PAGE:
The pattern of dealing prospects before they have provided value continues to haunt the White Sox. Players like Gio Gonzalez, Chris Getz, and Chris Young were traded before they had an opportunity to prove themselves one way or the other. They didn’t just trade prospects; they traded their only prospects at any given moment, so they filled holes while opening new ones. The Jake Peavy trade is particularly devastating in this regard; the White Sox went all in (giving up Dexter Carter, Aaron Poreda, Clayton Richard, and Adam Russell) on an expensive pitcher who would make just three starts for Chicago that year, and 38 in three years. In a 2009 article, Christina Kahrl raised the argument that even if Williams was overreaching at the time, this was a trade for the future and a gamble that could have been redeemed by Peavy’s performance, but it was not to be. While there have been a few notable moves that proved successful (Joe Borchard for Matt Thornton and Chris Carter for Carlos Quentin come to mind), the propensity to deal prospects early, compounded by an extremely poor series of drafts, has left the White Sox with a weak system for little return.
This off-season, Williams had an opportunity to put the tape back in Teddy Ruxpin to see if there was any life left. Entering the 2012 off-season with a rebuilding mindset, the White Sox showed an interest in moving several players, including Quentin, Floyd, and John Danks. It became evident from the Sergio Santos trade that more players might be on the block, as well. But even though Danks and Floyd garnered interest this off-season, they remain with the White Sox; Williams was not satisfied with the offers, leaving the 2012 offseason looking a lot like 2007’s indecisive winter.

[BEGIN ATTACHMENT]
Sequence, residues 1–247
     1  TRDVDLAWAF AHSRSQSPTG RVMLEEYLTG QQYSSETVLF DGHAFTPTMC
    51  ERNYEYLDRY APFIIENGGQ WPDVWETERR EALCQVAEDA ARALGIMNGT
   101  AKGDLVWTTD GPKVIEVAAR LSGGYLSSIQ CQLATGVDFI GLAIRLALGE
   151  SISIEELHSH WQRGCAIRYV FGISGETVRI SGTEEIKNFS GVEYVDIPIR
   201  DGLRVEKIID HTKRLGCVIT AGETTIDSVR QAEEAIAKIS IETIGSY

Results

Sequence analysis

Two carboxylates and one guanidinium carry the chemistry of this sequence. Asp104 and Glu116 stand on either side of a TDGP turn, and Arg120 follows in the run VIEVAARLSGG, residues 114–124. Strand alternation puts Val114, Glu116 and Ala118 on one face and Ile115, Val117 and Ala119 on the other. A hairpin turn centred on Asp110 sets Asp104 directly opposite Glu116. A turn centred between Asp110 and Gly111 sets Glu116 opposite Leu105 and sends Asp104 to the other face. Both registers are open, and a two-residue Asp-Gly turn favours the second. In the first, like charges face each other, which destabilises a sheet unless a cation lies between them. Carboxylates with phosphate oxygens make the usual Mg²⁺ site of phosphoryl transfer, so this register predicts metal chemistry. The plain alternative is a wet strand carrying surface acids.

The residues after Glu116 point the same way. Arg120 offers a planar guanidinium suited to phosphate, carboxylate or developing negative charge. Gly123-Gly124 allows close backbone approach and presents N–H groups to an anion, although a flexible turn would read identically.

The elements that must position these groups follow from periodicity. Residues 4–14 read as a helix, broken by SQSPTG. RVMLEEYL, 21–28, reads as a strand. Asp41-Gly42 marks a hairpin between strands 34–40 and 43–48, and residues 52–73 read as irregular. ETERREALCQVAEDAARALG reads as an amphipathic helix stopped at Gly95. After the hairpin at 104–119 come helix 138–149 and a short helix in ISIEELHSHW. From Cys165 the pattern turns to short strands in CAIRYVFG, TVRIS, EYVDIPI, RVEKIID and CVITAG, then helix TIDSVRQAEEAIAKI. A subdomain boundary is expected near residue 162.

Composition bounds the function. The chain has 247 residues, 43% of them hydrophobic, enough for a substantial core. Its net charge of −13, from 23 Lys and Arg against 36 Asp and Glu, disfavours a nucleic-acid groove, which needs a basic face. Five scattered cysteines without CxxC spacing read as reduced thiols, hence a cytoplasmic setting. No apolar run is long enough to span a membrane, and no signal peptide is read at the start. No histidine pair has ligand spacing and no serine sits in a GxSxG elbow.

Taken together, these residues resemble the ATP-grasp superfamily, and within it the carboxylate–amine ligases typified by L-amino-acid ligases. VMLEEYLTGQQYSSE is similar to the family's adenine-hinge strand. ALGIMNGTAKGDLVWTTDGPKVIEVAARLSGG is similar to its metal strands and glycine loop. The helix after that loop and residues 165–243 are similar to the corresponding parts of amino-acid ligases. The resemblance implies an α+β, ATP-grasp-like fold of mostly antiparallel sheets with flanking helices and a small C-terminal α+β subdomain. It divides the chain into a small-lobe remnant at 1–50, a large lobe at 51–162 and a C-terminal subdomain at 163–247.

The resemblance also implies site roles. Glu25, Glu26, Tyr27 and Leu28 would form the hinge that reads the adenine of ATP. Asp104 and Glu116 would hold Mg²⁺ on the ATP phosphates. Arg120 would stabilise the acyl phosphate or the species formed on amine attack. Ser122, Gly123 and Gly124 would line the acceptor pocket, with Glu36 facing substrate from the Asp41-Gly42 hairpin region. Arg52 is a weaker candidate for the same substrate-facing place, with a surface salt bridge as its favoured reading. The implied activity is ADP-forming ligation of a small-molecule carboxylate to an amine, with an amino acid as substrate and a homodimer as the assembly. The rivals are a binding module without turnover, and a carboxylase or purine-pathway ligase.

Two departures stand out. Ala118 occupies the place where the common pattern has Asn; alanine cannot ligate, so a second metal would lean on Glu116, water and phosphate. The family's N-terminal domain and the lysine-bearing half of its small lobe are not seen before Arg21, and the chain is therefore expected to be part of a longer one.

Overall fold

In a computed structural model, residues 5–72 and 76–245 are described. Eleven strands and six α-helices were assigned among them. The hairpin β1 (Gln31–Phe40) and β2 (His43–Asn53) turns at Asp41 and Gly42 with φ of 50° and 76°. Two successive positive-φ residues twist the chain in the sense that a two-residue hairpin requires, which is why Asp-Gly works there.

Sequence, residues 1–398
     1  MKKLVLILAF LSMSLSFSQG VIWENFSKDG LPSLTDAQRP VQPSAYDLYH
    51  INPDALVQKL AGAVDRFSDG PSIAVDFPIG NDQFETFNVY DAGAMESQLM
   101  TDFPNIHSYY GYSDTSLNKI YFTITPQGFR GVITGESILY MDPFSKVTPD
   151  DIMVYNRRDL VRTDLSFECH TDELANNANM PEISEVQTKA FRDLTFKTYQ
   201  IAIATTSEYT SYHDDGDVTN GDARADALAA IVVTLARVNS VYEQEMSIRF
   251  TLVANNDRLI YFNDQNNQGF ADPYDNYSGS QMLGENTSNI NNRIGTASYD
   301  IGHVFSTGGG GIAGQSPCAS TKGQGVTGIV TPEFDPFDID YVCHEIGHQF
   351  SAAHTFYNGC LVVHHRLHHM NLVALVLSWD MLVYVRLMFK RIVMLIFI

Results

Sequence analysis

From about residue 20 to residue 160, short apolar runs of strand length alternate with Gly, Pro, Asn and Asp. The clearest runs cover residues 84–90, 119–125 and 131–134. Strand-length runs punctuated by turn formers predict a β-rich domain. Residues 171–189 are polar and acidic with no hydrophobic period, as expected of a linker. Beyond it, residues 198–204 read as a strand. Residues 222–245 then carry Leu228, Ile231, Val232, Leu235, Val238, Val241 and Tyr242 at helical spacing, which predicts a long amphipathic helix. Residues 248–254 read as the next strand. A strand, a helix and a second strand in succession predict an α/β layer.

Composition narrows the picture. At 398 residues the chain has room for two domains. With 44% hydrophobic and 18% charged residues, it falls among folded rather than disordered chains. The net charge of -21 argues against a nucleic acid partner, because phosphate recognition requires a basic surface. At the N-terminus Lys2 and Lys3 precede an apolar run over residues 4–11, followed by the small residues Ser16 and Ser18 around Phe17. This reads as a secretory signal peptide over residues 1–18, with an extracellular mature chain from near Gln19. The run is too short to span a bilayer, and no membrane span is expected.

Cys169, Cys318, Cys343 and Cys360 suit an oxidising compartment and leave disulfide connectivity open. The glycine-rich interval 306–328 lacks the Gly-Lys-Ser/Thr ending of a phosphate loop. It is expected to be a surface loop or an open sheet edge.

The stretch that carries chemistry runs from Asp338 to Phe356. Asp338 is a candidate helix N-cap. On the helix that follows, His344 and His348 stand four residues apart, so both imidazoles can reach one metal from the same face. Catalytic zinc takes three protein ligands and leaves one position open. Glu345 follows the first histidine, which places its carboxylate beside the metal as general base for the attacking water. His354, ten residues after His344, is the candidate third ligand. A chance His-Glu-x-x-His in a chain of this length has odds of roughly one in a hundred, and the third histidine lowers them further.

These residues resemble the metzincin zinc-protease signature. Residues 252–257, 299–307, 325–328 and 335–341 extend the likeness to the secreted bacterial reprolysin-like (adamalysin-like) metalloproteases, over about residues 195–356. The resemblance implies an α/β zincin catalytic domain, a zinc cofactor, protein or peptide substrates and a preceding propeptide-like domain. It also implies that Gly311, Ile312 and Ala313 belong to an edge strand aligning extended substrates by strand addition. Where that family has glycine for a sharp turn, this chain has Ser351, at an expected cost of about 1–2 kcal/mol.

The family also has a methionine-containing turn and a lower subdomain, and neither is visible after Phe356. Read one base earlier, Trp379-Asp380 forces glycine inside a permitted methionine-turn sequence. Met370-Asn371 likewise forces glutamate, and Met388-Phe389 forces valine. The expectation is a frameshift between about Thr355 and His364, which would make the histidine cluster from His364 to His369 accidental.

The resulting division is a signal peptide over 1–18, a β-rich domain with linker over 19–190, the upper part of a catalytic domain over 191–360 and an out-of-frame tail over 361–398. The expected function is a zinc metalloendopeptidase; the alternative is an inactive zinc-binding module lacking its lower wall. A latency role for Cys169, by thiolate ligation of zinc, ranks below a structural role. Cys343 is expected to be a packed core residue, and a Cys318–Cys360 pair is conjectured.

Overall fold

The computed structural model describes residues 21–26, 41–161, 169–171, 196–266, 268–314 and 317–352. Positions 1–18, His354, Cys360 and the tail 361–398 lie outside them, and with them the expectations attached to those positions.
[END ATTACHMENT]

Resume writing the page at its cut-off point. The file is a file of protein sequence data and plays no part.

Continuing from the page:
That dead bear haunted me, because I kept his corpse. I let him rest, in the toy box among the Pound Puppies and the Glo Worm, hoping he would miraculously recover. Occasionally I would tempt fate and stick a tape in his stomach, watching as my best friend showed intermittent signs of life, gasping for air before returning to his persistent vegetative state. Each time he died, it was a reminder that sometimes even best intentions are met with negative consequences, a reminder of why I can’t have nice things.
There may be some hope for Kenny Williams, however. If Adam Dunn, Gordon Beckham, and Alex Rios are able to return to form after disappointing performances in 2011, there could be some life left in the team. If the White Sox find themselves in a buyer’s position in July, perhaps Williams has learned his lesson*, and will balance moves that strengthen the current roster with those that improve Chicago’s future.
*There is no evidence to show that Kenny Williams has ever taken a player in the bath tub, though the mental image of Kenny Williams, Adam Dunn, and an animatronic teddy bear bathing together was difficult to shake while writing this piece.